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Sunday 27 October: 6:00pm - 6:30pm

Faculty of Music, Recital Room, 11 West Road, CB3 9DP

In January 2019, the BBC Symphony Orchestra premiered a new orchestral work by Richard Causton, 'Ik zeg: NU' (I say NOW), to great critical acclaim. As the composer explains: 'I say Now' is named after a book by my Dutch relative, Sal van Son. The piece is partly about the passage of time: the 'now' becomes the past from the moment it has been named. But it is also a homage to my 98-year-old relative, whose book traces the history of his Jewish family through four centuries, including his own years in hiding from the Nazis in occupied Holland during the Second World War'.

How does a composer make the leap from such ideas and personal histories into sound? In this talk, Richard Causton, Reader in Composition at the University of Cambridge, sheds light on the compositional process, and introduces the story behind his latest orchestral work, for which he constructed a unique set of specially-tuned microtonal tubular bells. These bells – which audience members will have the rare opportunity to see – along with detuned vibraphones, a prepared piano, and an accordion, together create an extraordinary new sound world that evokes the complex and elusive nature of passing time.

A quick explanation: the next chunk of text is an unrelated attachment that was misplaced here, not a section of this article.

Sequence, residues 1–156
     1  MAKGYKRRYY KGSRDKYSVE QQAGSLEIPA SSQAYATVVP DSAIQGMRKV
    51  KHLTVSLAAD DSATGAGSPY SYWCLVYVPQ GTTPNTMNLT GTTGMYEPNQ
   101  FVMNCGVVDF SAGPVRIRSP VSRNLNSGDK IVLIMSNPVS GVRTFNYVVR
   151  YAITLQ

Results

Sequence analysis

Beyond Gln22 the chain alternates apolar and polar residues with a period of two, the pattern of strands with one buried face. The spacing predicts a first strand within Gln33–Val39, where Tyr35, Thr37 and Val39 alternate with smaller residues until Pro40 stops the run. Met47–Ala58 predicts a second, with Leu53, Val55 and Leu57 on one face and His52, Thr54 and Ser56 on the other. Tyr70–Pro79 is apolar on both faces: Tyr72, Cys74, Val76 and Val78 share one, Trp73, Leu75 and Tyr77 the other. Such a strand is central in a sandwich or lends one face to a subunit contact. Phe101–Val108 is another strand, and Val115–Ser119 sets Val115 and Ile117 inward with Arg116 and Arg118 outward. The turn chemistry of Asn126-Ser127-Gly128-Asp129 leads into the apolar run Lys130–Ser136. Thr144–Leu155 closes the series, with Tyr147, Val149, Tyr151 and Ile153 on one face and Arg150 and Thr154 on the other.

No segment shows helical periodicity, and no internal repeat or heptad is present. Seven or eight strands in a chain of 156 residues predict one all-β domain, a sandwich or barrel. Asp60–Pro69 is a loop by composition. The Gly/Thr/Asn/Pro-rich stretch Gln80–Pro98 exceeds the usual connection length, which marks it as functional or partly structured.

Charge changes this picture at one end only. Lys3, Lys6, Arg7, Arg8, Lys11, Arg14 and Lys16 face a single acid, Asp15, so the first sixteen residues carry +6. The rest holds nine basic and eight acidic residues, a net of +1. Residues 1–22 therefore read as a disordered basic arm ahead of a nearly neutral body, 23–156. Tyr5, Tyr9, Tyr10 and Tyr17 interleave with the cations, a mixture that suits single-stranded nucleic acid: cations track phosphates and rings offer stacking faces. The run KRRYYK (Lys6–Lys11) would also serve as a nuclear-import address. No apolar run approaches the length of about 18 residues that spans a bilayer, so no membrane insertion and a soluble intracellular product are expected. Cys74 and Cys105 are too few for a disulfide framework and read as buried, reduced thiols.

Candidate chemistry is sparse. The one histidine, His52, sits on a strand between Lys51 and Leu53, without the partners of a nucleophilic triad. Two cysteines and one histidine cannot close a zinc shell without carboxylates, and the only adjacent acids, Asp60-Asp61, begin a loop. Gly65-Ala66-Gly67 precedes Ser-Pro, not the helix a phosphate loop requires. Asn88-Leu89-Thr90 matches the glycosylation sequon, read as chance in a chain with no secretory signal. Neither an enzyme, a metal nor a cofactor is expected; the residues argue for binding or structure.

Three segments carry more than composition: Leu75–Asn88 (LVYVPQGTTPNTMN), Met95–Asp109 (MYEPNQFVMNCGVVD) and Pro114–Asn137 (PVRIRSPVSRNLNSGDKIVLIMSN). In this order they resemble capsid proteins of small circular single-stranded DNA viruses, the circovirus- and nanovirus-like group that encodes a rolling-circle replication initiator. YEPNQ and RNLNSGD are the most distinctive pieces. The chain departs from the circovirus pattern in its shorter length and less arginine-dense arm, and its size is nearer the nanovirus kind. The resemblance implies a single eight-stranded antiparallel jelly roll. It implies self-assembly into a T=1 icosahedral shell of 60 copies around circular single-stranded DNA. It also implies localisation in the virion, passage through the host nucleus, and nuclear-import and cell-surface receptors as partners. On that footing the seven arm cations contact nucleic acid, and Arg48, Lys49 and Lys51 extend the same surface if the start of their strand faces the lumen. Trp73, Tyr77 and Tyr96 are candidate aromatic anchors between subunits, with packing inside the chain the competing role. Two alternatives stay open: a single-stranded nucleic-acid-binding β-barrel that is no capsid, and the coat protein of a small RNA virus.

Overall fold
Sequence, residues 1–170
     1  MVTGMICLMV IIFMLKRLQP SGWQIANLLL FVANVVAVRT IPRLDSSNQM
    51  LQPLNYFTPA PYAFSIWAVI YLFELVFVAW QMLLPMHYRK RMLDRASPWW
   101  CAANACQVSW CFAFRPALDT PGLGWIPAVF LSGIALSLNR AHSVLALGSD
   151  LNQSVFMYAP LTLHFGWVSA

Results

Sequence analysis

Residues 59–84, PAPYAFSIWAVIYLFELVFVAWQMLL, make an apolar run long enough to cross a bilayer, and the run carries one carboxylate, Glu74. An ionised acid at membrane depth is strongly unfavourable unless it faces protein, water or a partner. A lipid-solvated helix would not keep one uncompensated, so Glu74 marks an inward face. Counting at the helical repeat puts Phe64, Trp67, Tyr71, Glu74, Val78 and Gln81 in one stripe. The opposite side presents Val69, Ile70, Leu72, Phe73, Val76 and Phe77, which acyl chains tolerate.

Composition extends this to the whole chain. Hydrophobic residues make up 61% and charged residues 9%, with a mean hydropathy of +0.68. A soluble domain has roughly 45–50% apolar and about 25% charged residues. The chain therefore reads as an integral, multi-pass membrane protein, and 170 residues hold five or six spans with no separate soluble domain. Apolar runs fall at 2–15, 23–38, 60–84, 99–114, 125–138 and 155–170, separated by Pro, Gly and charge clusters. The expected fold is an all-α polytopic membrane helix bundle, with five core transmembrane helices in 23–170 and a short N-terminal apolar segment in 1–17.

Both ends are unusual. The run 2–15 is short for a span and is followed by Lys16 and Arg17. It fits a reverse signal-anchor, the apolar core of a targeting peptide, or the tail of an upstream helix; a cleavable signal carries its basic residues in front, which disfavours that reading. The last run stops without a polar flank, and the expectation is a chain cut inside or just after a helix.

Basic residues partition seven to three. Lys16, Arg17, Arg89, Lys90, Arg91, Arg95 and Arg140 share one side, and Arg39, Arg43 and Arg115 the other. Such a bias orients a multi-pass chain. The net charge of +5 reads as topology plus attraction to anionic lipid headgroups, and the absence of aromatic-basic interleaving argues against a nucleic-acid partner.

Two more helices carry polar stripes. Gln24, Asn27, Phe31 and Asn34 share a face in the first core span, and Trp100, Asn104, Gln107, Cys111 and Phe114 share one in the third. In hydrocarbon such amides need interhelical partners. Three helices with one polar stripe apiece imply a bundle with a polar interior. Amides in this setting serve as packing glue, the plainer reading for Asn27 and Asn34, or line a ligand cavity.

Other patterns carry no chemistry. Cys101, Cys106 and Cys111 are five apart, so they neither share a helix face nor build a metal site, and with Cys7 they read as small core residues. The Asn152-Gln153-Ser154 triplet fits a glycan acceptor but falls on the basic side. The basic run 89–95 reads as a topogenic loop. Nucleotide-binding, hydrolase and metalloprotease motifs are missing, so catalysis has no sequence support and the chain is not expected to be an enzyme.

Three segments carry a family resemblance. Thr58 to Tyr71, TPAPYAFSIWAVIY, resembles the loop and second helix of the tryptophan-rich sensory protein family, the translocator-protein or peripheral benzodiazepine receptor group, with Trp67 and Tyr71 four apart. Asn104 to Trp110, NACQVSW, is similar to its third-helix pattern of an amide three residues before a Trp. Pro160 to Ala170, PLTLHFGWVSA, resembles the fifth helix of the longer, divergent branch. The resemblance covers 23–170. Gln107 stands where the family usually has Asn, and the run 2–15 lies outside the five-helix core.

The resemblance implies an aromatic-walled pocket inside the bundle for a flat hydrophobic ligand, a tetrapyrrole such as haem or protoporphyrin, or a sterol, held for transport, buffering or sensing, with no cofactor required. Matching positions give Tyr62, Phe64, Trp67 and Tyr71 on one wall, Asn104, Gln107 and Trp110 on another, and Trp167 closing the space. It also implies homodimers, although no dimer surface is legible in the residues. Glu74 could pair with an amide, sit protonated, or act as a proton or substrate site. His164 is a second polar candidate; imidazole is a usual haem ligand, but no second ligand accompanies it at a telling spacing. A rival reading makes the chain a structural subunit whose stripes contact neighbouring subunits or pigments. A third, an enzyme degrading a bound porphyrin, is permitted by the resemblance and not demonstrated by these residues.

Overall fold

This talk will be followed by the East Anglian Young Composer of the Year concert.

See two other related music events on this day

Booking Information

Telephone number:
01223 766766

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Additional Information

Age: All ages, Talk, Arrive on time, Free